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Thankfulness

Thankfulness
Our communion form delineates the walk of gratitude of the Christian as the laying aside unfeignedly of all enmity, hatred, and envy and a firm resolution to walk in true love and peace with the neighbor. Such conduct evidences true thankfulness to God because it is only the regenerated child of God who can and will do these things and in the practice of them he is deeply conscious that "by the grace of God I am what I am and his grace which was bestowed upon me was not in vain" (1 Cor. 15:10). Human nature cannot and will not submit to God's ordinance of love for "the carnal mind is enmity against God; for it is not subject to the law of God, neither indeed can be" (Rom. 8:7). All the works of the flesh are characterized by "enmity, hatred, and envy", the very things which the child of God strives by grace to put off. Thankfulness, which is the fruit of regeneration, springs to manifestation in a life of uprightness before God. 

The essence of that life is love and in the concrete manifestation of the love of God in our walk therefore lies the proof that we are born of God and are made partakers of his communion and that of his saints. In the living experience of that love lies the conscious enjoyment of all the blessings of salvation while the absence of that love creates total spiritual vacuum in the consciousness of man. 

It is not particularly striking then that the word of God in countless places emphasizes the importance of love in the conversation of the saints. Jesus tells us that it constitutes the core of the entire law of God in that well known summary: "Thou shalt love the Lord thy God with all thy heart, with all thy soul, and with all thy mind, and with all thy strength. This is the first and the great commandment; and the second is like unto it, Thou shalt love thy neighbor as thy self. On these two commandments hang all the law and the prophets” (Matt. 22:37–40). Read More

Grace and Assurance: The Message of the Canons of Dordt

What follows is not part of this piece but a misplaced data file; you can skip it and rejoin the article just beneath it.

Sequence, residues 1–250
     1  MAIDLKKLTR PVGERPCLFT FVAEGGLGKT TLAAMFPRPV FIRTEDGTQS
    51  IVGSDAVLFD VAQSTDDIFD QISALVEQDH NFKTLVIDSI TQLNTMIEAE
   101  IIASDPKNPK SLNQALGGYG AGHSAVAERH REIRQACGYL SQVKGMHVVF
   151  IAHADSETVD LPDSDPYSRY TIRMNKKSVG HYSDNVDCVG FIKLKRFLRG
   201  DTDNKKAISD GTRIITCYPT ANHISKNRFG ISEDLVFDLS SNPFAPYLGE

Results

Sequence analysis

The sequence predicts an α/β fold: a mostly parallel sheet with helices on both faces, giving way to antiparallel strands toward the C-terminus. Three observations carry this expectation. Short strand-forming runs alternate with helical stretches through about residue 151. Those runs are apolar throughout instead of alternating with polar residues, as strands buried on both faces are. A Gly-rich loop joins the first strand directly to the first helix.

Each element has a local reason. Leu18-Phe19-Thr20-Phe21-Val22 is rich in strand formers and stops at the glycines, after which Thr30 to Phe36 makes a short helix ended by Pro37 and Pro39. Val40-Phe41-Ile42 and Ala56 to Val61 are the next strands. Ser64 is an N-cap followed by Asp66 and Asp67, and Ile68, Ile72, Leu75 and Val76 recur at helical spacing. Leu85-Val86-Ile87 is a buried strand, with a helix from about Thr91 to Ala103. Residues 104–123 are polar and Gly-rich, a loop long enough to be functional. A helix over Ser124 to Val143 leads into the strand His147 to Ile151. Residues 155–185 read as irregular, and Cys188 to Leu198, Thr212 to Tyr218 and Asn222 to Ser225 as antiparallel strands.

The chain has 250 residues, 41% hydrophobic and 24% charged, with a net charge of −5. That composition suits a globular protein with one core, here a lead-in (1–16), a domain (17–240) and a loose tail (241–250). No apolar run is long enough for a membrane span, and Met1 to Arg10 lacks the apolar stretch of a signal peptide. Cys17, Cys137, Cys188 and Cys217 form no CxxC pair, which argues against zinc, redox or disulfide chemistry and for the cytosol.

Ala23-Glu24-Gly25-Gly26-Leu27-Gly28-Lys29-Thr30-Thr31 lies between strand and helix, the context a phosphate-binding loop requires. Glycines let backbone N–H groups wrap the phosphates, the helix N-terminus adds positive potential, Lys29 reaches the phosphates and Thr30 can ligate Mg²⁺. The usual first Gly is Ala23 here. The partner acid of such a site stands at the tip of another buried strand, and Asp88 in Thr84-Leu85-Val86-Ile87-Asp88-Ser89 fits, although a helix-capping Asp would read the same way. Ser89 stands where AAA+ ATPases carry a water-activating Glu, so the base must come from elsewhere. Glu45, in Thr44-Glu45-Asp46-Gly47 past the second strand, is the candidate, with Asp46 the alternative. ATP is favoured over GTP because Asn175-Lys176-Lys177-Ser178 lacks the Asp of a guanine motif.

Grace and Assurance: The Message of the Canons of Dordt by Rev. Martyn McGeown   Four hundred years ago (1618) the great Synod of Dordt met to examine the doctrine of the Arminians. The fruit of their deliberations was the Canons of Dordt, which have defined the Calvinist, Reformed faith for four centuries. Readers unfamiliar with the great Synod might be tempted to think that the Canons would be cold, scholastic theology, the work of hard-nosed theologians and heresy-hunters. Younger readers...

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The Question of the Necessity of Good Works (9): Clear Explanations

The Question of the Necessity of Good Works (9): Clear Explanations

Because the proper answer to the question of the necessity of good works is so closely connected with the church’s confession of the truth of the believers’ gracious salvation, and because wrong answers to this question end up denying this truth, there is no room for ambiguous language in answering this question. Especially is this ambiguous language to be deplored in a misguided and ill-informed attempt to impress upon the people of God the necessity of doing good works. This necessity,...

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The Question of the Necessity of Good Works (6): Fruits of Faith

The Question of the Necessity of Good Works (6): Fruits of Faith

The first part of the Reformed faith’s answer to the question of the necessity of good works is the truth of Christ’s gracious renewal of the redeemed and justified believer. Because God renews him he must do good works. His good works do not obtain anything from God, but they are the necessary testimony of his gratitude that God requires of him and by which God is praised. Besides this and following from it there are other considerations. The Heidelberg Catechism’s...

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Gospel Truth of Justification - A Review (3): Comforting and Confessional

Last time we ended intending to take up the matter of assurance of justification. To doubt whether one is justified is to doubt whether one is saved. In the name of a “quest for full assurance,” reputedly Reformed theologians promote a doctrine of doubt.[i] These reputedly Reformed theologians promote the Puritan and nadere reformatie (further reformation) theology of doubt. They deny that faith is, essentially, assurance. I quote again from Mark Jones' book, Antinomianism: Reformed Theology's Unwelcome Guest, on the topic of...

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